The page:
CARS HOMES JOBS

NYCB sets its SPAC season

Friday, March 13, 2009
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— “Coppélia,” the only ballet ever commissioned by the Saratoga Performing Arts Center, will come home this summer when the New York City Ballet returns to its summer home in July.

The full-length Delibes comedy, restaged by George Balanchine and Alexandra Danilova, will celebrate the 35th anniversary of its world premiere at SPAC with three performances. The colorful creation, about a young girl whose jealousy starts trouble with an eccentric toymaker, will be among 20 ballets in the company’s abbreviated two-week season at SPAC.

Other highlights of the 14 performances by the venue’s flagship ensemble will include the SPAC premieres of two new works: one by New York City Ballet principal Benjamin Millepied to music by Henryk Gorecki and another by former NYCB dancer Melissa Barak. Her work, “A Simple Symphony,” set to music by Benjamin Britten, had its world premiere last month at Lincoln Center.

In addition, Peter Martins’ “Papillons,” a 1994 ballet to piano pieces by Schumann, will also have its first SPAC showing.

SPAC President and Executive Director Marcia White calls the season “tremendously rich and diverse.” She said she is especially happy with the return of “Coppélia,” which will feature 24 area children.

“This beloved classic is a theatrical event families and fans of all ages will enjoy,” White said in a statement.

MOSTLY BALANCHINE

As usual, works by company founder Balanchine will make up the bulk of the season. His master works will include his creations to his favorite composers: Stravinsky, with “Symphony in Three Movements” and “Firebird,” and Tchaikovsky, with the one-act “Swan Lake” and “Theme and Variations.” Two of his ballets, “Slaughter on Tenth Avenue” and “Scotch Symphony,” will return after long absences.

Jerome Robbins will be represented by the dramatic “The Cage” and his delicate “Other Dances.”

Other seasonal favorites will include Sean Lavery’s pas de deux from “Romeo and Juliet” and Martins’ “Hallelujah Junction.” Finally, Christopher Wheeldon’s “Mercurial Manoeuvres” will be revived at SPAC.

Regardless of programs, the past several years have been tough on SPAC as attendance for the ballet continues to spiral down. In response, SPAC cut back the New York City Ballet’s three-week run to two weeks.

In the hopes of attracting more people to the outdoor amphitheater, SPAC will bring back some of its more successful theme nights. Among them will be American Girl Night on July 15, with a $5 lawn ticket for children 12 and younger; Thursday Date Night on July 9 and 16, with beer and wine tastings; and Friday Family Nights on July 10 and 17, with ice cream, magicians and face-painting.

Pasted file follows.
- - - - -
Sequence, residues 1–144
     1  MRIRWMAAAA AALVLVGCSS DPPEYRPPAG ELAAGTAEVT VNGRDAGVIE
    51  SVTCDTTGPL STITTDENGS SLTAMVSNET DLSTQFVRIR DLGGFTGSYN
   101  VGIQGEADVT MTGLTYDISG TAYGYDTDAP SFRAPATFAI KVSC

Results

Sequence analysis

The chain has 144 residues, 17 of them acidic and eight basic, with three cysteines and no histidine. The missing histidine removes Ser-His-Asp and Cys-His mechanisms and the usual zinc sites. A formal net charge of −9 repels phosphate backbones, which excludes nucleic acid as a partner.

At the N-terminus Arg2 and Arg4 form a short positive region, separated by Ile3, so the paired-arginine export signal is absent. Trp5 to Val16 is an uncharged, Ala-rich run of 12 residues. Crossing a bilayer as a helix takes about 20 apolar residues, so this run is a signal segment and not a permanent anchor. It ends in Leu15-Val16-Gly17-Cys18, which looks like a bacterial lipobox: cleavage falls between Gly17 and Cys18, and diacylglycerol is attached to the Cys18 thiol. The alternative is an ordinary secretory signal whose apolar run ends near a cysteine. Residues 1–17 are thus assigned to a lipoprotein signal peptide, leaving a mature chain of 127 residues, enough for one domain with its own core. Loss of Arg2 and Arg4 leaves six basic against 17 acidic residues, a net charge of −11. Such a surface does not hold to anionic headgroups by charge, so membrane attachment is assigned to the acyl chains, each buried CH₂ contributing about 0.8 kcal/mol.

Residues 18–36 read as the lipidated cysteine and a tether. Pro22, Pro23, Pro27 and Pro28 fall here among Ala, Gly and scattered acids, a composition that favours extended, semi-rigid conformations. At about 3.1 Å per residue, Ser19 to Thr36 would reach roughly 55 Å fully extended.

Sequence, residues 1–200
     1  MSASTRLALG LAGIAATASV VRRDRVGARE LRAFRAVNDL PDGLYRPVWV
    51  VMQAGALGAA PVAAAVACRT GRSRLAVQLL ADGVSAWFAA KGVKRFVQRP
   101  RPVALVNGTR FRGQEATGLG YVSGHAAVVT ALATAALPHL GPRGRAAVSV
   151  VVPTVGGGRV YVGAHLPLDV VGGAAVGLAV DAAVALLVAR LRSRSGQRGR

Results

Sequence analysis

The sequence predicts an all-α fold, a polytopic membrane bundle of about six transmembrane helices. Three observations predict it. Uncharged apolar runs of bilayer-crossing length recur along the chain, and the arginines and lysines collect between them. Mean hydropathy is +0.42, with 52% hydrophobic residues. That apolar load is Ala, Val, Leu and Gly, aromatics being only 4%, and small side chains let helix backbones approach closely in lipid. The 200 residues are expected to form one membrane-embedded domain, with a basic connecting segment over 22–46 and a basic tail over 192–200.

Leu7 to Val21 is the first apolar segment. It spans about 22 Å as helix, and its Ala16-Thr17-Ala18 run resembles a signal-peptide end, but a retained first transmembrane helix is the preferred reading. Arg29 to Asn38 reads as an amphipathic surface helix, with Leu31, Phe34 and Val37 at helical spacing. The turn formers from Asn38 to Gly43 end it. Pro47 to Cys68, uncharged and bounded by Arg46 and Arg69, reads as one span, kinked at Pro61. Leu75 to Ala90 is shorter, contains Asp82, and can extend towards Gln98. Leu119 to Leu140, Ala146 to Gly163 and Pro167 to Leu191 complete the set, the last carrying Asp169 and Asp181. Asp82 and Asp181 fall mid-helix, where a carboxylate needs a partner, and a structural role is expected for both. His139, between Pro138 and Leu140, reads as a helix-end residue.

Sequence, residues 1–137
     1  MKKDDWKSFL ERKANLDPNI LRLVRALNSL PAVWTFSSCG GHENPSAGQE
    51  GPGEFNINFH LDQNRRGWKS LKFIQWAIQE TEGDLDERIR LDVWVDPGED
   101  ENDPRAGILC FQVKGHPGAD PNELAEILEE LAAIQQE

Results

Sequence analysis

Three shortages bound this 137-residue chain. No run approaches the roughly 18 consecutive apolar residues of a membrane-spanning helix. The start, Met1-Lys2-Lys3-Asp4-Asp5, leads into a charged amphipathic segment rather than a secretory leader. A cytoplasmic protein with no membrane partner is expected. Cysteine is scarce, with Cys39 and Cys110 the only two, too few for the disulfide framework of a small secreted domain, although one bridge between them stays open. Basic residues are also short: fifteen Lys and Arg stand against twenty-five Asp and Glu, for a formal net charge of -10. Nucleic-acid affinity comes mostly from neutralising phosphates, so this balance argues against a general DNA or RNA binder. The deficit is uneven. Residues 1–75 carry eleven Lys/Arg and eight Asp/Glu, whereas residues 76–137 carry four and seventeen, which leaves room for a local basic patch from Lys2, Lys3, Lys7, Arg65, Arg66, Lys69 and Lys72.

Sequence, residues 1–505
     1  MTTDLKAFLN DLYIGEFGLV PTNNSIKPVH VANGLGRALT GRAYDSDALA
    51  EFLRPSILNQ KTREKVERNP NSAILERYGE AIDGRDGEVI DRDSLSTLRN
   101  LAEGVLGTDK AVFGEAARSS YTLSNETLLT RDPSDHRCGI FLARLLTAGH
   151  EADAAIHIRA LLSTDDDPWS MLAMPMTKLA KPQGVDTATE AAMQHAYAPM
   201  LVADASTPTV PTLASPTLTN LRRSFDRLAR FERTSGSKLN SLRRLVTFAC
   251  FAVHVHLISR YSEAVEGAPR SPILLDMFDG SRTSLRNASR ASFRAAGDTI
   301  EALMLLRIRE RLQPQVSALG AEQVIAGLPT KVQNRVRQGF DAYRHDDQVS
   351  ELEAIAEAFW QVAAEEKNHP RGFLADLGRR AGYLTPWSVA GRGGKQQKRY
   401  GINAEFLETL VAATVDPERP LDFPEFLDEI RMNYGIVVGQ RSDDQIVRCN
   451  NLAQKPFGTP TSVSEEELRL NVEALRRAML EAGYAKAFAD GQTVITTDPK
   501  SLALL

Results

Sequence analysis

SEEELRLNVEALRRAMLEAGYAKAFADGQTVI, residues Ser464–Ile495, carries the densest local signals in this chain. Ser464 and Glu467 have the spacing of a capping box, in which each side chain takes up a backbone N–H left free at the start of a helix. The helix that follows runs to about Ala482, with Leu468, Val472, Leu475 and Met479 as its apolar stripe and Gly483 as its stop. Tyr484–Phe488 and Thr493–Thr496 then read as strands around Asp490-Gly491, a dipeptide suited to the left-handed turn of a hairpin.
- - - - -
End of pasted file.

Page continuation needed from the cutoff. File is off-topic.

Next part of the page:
Despite the economic downturn, White is optimistic about the company’s 44th summer at SPAC.

“The silver lining in our current economic challenges is that people are refocusing on what truly matters — family, friends and special times shared together,” said White. “There is no better place for creating those wonderful summer memories than SPAC.”

The ballet gala, one of SPAC’s main fundraising events, will take place on Saturday, July 11. The evening will salute American composers with Balanchine’s “Stars and Stripes” to music by Sousa, with other ballets to music by John Adams, Louis Gottschalk and Richard Rodgers.

Season schedule

Evening programs are at 8 p.m. Matinees are presented at 2 p.m. on Thursday and Saturday.

Tuesday, July 7: Christopher Wheeldon’s “Mercurial Manoeuvres” with music by Shostakovich; Sean Lavery’s “Romeo and Juliet” with music by Prokofiev; George Balanchine’s “Symphony in Three Movements” with music by Stravinsky; and Balanchine’s “Theme and Variations” with music by Tchaikovsky.

Wednesday, July 8: Balanchine’s “Concerto Barocco” with music by Bach; Jerome Robbins’ “The Cage” with music by Stravinsky; Robbins’ “Other Dances” with music by Chopin; and Balanchine’s “Firebird” with music by Stravinsky.

Thursday, July 9: Matinee, “Mercurial Manoeuvres,” “Romeo and Juliet,” “Symphony in Three Movements” and “Theme and Variations”; evening, “Concerto Barocco,” “The Cage,” Peter Martins’ “Papillons” with music by Schumann and “Theme and Variations.”

Friday, July 10: Balanchine’s “Donizetti Variations” with music by Donizetti, “The Cage,” “Other Dances” and “Firebird.”

Saturday, July 11: Matinee, “Donizetti Variations,” “Romeo and Juliet” pas de deux, “Papillons” and “Symphony in Three Movements”; gala evening, Balanchine’s “Stars and Stripes” with music by Sousa; Martins’ “Hallelujah Junction” with music by Adams; Balanchine’s “Tarantella” with music by Gottschalk; and Balanchine’s “Slaughter on Tenth Avenue” with music by Rodgers.

Tuesday, July 14: Balanchine’s “Swan Lake” with music by Tschaikovsky; new ballet by Benjamin Millepied to music by Gorecki; and Balanchine’s “The Four Temperaments” with music by Hindemith.

Wednesday, July 15: Balanchine’s “Coppélia” with music by Delibes.

Thursday, July 16: Matinee, Balanchine’s “Scotch Symphony” with music by Mendelssohn; “Hallelujah Junction”; Melissa Barak’s “A Simple Symphony” with music by Britten; and “The Four Temperaments”; evening, “Swan Lake,” new Millepied ballet and “The Four Temperaments.”

Friday, July 17: “Coppélia.”

Saturday, July 18: Matinee, “Coppélia”; evening, “Scotch Symphony,” “A Simple Symphony,” “Other Dances” and “Symphony in Three Movements.”

Order forms for season tickets are available online at www.spac.org or by calling 584-9330. Individual tickets will be available for purchase online at www.spac.org, by phone at 584-9330 and at the SPAC box office at Saratoga Spa State Park, Route 50, beginning at noon on Sunday, May 10.

 
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